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("ECG" OR "EKG") AND "Correct Lead Placement"

Irwin Hoffman
A flatline lead I plus P and T inversions in leads II, III, and aVF in a 31-year-old male patient suggested interchange of the arm and leg electrodes bilaterally. Prompt repetition of the ECG with corrected lead placement resulted in a normal ECG and prevented incorrect diagnosis, workup, and treatment.
September 2008: Journal of Electrocardiology
M Kleinert, P Beer, J Nahrstedt
The clinical utilization of atrial programmed pacemakers is limited by the lead systems available for sensing of atrial activity. The endocardial method of lead placement is burdened by a dislodgement rate of up to 30 per cent. Alternatively, the patient must submit to the risks of a thoracotomy. Thirty-one patients have been treated with a transmediastinally, retrocardially positioned atrial detector electrode. In 20 patients (65 per cent) the detector performed as desired with no postimplant revision. In 11 patients (35 per cent) corrective measures were required primarily to correct lead placement; seven of these were corrected under local anesthesia merely by pulling the catheter...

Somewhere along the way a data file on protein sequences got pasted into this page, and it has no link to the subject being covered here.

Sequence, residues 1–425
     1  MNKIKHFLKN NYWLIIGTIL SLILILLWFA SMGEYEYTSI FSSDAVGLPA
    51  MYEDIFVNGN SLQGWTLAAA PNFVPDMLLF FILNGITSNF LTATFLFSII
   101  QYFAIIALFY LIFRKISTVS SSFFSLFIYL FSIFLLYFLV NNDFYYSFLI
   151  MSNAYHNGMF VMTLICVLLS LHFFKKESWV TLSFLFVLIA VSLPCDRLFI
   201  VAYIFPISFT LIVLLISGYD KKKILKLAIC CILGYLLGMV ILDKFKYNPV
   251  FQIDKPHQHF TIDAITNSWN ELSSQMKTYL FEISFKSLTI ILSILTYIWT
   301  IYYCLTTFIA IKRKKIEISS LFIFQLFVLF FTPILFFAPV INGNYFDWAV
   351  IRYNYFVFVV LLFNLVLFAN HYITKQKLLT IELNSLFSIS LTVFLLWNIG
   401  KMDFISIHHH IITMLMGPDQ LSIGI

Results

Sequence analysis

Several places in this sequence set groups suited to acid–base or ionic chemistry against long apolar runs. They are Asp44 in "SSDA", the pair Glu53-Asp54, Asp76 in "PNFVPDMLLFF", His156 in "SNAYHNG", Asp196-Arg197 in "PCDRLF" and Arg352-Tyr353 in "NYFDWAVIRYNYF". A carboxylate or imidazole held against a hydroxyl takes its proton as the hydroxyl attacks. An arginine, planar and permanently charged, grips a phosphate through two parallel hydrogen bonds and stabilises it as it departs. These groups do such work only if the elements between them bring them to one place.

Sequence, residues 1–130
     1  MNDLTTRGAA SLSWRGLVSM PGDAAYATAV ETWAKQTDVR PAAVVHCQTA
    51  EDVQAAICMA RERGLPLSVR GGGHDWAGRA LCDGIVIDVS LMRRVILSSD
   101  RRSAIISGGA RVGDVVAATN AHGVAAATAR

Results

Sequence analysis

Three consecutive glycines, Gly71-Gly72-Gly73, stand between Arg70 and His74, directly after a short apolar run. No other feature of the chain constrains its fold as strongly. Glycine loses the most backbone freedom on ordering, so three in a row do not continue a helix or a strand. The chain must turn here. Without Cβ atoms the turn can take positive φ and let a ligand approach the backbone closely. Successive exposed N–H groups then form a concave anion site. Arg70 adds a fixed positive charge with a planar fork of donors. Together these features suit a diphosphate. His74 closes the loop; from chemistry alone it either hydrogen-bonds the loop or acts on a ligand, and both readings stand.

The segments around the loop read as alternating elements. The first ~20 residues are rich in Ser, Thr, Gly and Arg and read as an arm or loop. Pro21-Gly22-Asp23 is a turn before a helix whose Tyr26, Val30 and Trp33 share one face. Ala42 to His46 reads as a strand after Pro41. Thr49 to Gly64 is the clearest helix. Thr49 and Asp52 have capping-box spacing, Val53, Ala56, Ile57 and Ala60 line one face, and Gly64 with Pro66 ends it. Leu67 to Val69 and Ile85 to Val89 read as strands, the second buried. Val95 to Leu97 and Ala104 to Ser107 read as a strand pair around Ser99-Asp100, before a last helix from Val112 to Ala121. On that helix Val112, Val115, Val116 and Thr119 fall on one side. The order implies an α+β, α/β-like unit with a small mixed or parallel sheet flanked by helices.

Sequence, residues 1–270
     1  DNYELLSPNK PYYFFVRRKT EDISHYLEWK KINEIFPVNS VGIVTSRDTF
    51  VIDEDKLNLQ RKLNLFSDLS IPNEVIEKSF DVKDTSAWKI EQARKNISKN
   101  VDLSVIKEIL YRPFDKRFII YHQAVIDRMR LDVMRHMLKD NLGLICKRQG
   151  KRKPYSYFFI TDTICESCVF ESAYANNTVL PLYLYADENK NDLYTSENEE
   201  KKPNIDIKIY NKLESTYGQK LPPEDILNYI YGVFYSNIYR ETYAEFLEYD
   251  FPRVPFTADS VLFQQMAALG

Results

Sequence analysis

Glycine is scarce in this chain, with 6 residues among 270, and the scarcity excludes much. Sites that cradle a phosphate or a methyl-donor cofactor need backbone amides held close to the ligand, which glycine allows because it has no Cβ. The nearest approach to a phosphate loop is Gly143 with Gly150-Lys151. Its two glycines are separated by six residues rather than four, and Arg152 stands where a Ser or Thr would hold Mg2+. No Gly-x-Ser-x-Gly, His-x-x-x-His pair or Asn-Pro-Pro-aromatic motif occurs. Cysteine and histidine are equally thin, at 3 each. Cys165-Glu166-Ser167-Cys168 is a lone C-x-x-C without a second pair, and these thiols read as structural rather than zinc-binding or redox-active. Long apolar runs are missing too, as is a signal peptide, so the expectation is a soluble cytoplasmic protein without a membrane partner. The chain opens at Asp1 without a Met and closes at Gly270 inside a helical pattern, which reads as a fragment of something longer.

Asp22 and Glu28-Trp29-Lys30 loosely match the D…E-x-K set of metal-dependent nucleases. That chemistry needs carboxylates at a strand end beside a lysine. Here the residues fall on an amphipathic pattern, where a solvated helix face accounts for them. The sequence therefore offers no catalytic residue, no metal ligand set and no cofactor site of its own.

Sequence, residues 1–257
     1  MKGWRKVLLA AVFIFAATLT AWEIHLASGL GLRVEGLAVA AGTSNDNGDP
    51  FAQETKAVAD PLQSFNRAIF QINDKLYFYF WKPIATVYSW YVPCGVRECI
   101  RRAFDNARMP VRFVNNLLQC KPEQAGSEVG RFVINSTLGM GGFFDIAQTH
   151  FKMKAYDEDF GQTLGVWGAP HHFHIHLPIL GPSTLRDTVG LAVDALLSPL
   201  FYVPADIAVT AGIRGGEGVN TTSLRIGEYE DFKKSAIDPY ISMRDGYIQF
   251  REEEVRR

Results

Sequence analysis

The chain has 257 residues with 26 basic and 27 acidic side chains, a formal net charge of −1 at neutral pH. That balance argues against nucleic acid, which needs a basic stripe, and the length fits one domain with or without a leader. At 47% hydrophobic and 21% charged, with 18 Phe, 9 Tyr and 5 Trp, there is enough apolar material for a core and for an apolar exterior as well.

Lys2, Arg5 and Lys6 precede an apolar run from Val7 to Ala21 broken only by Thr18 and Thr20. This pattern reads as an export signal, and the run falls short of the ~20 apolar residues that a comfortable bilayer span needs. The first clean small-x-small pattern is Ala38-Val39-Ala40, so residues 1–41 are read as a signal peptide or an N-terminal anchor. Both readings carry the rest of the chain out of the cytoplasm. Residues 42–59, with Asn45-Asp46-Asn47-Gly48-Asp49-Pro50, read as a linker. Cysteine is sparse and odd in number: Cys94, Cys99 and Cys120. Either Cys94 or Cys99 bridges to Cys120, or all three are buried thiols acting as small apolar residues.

April 1976: Journal of Thoracic and Cardiovascular Surgery
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